my wonder wall

I tell bits and pieces of the story of what happened in the hospital days before I came home.

I was staring up the wall. It was all I could see.

Wall.

With the Christmas tinsel and a slice of the exit.

Help me.

I could see the people walking past, the ones that hadn’t been thrown into a chair in punishment for trying to escape.

Again.

Save me.

I could feel tears in my eyes.

The hopelessness and fear overwhelming.

Let me go.

I didn’t know if I’d ever be able to go home.

The weakness of my body and the frailty of my my mind could keep me there.

I felt my arm pressed under me.

I was so cold.

I was as important as a piece of furniture. Pushed out of the way so I wouldn’t bother anyone working.

I want it to end.

I wish this was the only incident like this.

I would keep trying to get out of there to no success.

The chair I was stuck in too many times to count.

It did finally end.

I got away from there and part of fiery determination I have is to never feel that way again.

I will never stare at that wall again.

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15 Responses to my wonder wall

  1. Susie March 29, 2011 at 9:07 PM #

    Fiery determination is a good thing! If anyone has it, you do, Anissa. Mahalo for being so humble to share some bits & pieces of your long hospital stay. It really just makes you that much more human.

    I know what you speak. My mom had a stroke and was in the hospital and then rehab. She told me of nurses that were angels and ones that were not. Especially cruel was when she had to “go” in the middle of the night, and had to ring the buzzer. She was especially scared of one nurse. But there were other nurses that were God sends and make up for that one bad one.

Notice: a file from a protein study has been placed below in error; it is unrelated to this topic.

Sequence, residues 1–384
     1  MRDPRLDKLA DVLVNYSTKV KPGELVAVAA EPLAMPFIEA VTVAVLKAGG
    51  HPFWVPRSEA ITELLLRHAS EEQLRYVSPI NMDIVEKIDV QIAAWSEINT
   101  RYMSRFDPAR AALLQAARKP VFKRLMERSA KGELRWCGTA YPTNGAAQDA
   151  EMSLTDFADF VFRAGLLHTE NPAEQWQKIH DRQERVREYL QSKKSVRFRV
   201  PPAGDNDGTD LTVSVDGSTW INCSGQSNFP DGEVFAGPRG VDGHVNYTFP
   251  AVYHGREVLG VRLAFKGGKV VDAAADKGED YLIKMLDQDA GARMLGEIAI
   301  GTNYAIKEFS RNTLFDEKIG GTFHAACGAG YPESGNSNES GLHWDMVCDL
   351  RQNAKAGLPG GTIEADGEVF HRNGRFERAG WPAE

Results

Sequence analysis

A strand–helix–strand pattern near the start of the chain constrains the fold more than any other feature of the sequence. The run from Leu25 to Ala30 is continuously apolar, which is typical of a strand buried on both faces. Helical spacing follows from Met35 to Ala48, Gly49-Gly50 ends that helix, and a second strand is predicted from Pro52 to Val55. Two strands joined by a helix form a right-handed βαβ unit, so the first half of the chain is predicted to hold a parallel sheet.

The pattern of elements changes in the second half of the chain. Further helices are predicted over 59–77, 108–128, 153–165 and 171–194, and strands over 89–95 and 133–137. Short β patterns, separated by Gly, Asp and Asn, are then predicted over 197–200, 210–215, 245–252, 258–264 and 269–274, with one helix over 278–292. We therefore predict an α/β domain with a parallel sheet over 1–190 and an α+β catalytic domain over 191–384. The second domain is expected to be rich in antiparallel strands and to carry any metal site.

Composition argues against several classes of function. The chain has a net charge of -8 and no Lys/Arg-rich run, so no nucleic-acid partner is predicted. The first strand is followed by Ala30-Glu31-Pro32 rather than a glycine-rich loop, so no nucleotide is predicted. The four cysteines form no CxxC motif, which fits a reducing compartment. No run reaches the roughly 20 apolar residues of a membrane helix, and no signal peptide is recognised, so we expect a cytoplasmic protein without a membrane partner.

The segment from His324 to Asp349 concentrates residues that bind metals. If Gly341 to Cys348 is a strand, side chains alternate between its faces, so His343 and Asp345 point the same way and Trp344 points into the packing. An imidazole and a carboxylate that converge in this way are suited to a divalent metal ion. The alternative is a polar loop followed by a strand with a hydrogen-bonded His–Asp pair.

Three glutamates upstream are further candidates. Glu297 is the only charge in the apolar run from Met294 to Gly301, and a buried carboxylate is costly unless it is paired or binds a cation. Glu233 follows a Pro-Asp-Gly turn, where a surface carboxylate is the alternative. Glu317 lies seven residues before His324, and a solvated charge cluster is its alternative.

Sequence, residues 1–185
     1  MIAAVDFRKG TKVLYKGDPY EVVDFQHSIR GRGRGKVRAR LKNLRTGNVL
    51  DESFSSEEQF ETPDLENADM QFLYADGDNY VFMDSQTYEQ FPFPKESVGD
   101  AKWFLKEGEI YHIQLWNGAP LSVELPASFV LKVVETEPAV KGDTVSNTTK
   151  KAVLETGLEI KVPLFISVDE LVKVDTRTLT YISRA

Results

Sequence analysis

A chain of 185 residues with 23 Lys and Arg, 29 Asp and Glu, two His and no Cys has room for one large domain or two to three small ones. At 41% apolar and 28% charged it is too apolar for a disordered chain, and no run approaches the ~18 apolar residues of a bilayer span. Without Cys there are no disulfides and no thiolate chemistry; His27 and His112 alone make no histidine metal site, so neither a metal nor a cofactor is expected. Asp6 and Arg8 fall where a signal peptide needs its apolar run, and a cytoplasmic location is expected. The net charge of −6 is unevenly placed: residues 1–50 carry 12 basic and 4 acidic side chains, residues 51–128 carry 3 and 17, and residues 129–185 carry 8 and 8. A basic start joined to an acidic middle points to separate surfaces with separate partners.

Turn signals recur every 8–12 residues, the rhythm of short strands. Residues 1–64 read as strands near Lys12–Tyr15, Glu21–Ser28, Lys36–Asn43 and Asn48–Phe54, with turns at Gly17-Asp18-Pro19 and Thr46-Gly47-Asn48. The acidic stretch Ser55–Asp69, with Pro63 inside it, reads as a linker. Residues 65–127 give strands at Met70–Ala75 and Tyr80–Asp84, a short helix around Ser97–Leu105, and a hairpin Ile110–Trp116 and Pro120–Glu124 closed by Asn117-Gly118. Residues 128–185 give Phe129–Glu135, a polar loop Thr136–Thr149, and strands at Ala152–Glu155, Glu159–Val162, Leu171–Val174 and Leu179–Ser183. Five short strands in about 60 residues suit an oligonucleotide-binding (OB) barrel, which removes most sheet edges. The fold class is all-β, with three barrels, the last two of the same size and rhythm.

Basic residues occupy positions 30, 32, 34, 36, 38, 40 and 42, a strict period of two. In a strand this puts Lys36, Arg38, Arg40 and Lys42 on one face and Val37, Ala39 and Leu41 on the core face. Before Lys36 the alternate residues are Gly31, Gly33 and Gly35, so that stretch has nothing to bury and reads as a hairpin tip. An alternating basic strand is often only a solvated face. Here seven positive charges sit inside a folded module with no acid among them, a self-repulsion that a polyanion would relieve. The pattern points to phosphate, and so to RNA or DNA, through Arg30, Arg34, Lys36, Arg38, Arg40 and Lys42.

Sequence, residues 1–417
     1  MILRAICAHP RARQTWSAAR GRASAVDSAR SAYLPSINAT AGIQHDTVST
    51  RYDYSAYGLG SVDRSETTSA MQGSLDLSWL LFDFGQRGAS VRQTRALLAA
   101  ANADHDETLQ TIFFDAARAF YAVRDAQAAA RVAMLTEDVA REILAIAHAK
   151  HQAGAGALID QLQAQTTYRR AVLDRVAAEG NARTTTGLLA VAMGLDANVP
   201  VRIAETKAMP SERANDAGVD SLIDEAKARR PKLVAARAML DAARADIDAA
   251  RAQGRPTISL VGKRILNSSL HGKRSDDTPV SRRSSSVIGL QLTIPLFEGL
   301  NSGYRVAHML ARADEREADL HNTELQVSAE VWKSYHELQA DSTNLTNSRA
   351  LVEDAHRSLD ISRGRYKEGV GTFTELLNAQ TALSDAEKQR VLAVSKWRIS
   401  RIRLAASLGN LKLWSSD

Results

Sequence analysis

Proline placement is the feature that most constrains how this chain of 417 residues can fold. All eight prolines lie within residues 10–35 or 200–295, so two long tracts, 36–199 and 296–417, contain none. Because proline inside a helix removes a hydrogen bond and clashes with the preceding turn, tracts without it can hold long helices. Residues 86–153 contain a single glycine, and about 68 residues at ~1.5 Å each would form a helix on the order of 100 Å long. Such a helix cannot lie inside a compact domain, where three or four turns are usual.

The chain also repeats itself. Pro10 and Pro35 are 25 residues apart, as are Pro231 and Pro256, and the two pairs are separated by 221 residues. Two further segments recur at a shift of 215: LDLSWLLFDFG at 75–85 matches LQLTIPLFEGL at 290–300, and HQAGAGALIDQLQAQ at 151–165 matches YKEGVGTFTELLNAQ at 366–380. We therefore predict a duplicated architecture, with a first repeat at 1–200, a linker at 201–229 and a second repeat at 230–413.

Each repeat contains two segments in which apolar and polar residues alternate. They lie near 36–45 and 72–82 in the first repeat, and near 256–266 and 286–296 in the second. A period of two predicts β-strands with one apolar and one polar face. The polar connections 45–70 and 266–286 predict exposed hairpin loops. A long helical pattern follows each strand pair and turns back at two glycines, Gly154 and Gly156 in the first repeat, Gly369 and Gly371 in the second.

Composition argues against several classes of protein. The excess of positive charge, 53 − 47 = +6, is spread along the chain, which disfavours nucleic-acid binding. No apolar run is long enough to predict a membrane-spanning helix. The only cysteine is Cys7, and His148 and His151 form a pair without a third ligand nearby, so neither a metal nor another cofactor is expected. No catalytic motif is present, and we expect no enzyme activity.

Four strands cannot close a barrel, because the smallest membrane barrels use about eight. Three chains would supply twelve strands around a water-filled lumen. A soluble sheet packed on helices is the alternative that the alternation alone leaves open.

Your determination to never feel that way again reminds me of a favorite quote by Maya
    Angelou:

    “You can forget what people say. You can forget what people do. You will never forget how they made you feel.”

    Now go get tomorrow, Anissa, like I know you will…

  2. Colleen March 24, 2011 at 8:52 AM #

    Anissa, my heart broke just a little bit after reading this post.

    28 years ago, my dad suffered a massive heart attack. His brain was deprived of oxygen for 15 minutes, but he was revived. His body survived, but we ‘lost’ our dad that night. He never returned home, was unable to walk, talk, eat or communicate with us after that night.

    I was 22 years old and very naive to the realities of life back then. I thought that we lived or died. If we lived, we got better. I had no comprehension of the many shades of ‘gray’ back then.

    Many of your posts have spoken to me, because I think back to my dad and wonder if he also had this consciousness and awareness within the ‘prison’ that he had been confined to after he survived. I remember looking into his eyes and feeling that he saw and heard me. I could not begin to comprehend what was going on within him.

    This post in particular reached out and grabbed me. Because my dad was often in ‘that chair’ when I went to visit him. To think that he could have been sitting and staring at that same ‘wall’ and able to think and feel as you did … makes my heart ache.

    I am beyond grateful for you, Anissa. Your family, friends and support systems rallied together and helped you fight the fight and you have returned home. Your life is certainly not without challenges and I am glad that you write about your new reality. I appreciate how far you have come as well as how far you strive to go.

    What I appreciate as much as anything is your honesty. Posts like this (and oh, so many other posts which have preceded this) help so many. You have opened my eyes and helped me see. I wish I would have known this 28 years ago …

    Thank you, Anissa. You are a gift.

    Colleen´s last post…Word Soup

    • Anissa Mayhew March 25, 2011 at 1:49 AM #

      Oh, Colleen

      Part of me just wishes I could take that post back and put it back inside.